By Sam Nussey and Rozanna Latiff
TOKYO (Reuters) -Slovenian medal favourite Janja Garnbret advanced to the women's Olympic climbing final in first place, as Britain's Shauna Coxsey bade farewell to professional climbing after being eliminated in Wednesday's qualifier.
In Friday's final, eight women will contend for a single gold medal in three events - speed, a vertical sprint; bouldering, which tests problem-solving skills; and lead, a technical climb against the clock.
Garnbret, widely seen as the top contender for gold https://www.reuters.com/article/us-olympics-2020-clb-janja-idCAKBN2F2139, was 14th in the speed opener, her weakest discipline, but crushed her rivals in the bouldering contest before coming in fourth in the lead section to head the overall standings.
The 22-year-old admitted to feeling nervous in her first Games appearance, but began to relax more as the competition went on.
"In the combined format, you have to do your best and that's it, and then see what happens because you can’t predict anything," she told reporters.
The youngest contender, 17-year-old South Korean Seo Chaehyun, came in second, surpassing the rest of the field to grip the 40th hold during the lead event, by far the highest climb of the night.
Her performance comes after U.S. teen Colin Duffy - just a month Seo's junior - came in third in the men's qualifier on Tuesday, in a strong display of up-and-coming talent in the sport.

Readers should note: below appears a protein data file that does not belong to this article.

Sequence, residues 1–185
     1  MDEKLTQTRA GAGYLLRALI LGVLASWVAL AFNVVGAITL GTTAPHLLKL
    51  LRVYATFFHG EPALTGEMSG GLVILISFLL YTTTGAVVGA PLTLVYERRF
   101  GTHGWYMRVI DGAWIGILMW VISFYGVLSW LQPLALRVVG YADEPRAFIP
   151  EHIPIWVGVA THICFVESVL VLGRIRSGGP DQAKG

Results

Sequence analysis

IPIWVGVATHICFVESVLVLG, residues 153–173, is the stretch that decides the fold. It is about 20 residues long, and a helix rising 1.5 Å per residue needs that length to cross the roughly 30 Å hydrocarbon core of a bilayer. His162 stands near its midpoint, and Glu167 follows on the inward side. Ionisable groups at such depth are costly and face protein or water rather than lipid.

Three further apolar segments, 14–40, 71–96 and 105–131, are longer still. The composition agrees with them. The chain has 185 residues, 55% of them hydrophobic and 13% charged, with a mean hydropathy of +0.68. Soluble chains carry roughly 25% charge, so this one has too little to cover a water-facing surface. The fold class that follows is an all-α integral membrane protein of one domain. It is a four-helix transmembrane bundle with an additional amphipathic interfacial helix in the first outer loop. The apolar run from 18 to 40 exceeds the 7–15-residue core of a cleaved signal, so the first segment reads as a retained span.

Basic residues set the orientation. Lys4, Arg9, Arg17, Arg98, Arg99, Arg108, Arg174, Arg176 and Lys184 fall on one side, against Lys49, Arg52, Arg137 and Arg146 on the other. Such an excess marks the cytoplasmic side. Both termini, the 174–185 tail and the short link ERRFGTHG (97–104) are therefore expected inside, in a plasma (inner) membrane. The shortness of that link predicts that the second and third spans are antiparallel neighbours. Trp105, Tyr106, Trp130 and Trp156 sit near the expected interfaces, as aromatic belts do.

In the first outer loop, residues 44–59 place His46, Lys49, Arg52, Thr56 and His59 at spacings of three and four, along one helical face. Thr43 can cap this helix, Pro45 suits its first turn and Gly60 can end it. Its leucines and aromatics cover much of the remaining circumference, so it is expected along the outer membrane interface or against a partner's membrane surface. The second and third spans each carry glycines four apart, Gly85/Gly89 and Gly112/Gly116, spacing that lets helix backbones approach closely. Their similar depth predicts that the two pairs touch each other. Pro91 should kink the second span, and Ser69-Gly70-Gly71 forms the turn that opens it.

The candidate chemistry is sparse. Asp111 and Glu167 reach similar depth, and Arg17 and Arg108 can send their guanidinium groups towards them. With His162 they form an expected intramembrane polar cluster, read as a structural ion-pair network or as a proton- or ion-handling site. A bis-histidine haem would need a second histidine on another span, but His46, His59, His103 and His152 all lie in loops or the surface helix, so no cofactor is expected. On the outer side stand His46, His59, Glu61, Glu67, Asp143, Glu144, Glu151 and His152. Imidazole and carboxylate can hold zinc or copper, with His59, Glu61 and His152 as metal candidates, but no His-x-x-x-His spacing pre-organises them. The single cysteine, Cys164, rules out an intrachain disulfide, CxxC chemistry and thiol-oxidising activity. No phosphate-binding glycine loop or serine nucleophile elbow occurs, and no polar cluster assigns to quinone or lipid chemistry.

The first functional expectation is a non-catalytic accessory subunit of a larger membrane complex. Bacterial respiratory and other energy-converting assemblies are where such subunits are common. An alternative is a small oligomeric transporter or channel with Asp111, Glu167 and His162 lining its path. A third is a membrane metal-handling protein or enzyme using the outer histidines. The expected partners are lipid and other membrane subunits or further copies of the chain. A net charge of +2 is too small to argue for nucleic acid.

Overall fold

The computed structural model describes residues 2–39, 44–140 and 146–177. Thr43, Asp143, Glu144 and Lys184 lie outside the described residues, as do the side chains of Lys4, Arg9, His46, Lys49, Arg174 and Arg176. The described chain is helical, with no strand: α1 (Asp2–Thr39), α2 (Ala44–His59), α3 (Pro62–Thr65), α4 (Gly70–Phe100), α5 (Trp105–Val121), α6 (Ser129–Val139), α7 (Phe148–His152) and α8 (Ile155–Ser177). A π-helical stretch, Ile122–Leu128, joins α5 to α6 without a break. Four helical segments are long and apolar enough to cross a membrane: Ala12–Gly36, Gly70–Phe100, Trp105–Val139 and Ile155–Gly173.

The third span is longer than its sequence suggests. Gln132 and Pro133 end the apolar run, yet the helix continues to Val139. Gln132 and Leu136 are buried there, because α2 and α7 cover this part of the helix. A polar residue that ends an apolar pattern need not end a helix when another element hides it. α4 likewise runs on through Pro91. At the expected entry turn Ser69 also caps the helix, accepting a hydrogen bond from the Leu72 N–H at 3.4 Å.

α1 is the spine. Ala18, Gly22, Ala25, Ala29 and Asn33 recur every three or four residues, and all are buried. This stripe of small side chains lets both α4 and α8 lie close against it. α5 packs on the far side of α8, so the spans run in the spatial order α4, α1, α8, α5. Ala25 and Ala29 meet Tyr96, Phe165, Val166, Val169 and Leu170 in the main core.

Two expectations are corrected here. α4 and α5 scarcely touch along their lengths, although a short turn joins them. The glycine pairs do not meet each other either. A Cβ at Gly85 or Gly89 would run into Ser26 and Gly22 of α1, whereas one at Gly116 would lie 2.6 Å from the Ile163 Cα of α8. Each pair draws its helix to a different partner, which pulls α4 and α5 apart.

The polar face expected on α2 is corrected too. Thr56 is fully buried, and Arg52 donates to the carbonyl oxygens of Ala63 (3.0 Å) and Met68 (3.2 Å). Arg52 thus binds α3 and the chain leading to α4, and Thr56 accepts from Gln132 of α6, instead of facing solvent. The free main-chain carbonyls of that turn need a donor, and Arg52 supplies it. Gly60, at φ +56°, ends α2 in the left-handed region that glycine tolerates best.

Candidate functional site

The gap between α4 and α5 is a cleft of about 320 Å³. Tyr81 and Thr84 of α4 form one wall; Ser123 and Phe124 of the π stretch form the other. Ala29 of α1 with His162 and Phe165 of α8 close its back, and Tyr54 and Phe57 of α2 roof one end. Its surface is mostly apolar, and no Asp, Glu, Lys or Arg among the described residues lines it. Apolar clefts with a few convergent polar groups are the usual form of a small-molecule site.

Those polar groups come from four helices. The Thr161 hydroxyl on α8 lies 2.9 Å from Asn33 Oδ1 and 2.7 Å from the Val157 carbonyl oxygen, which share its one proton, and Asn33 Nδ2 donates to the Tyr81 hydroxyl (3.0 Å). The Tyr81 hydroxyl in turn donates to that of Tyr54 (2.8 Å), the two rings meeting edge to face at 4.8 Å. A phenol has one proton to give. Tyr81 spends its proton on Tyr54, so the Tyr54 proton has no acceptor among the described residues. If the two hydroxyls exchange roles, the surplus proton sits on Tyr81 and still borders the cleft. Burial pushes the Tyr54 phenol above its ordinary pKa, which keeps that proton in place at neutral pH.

Japanese medal hopes Miho Nonaka and Akiyo Noguchi put on solid performances to finish third and fourth respectively, with the latter particularly impressive in the bouldering contest.
Polish speed specialist Aleksandra Miroslaw, who came within a hair's breadth of matching the world record of 6.96 seconds in the opener, struggled during bouldering and placed second-to-last in lead, to finish seventh overall.
Britain's Coxsey placed 10th, bowing out of the Games and into retirement after more than a decade in competitive climbing.
The two-time bouldering World Cup champion, who has struggled with injuries in recent years, said she had no regrets about her Olympics appearance.
"Despite everything, all the circumstances and getting here and you know, like I'm not in the shape that I wanted to be, I kind of did a lot better than I thought I would to be honest. I'm happy," the 28-year-old said.
The start of women's competition followed a roller-coaster day for France's Mawem brothers in the men's event: the pair secured places in the final before the elder sibling, Bassa, was forced to drop out due to injury.
(Reporting by Sam Nussey; Editing by Kenneth Maxwell, Hugh Lawson and Ed Osmond)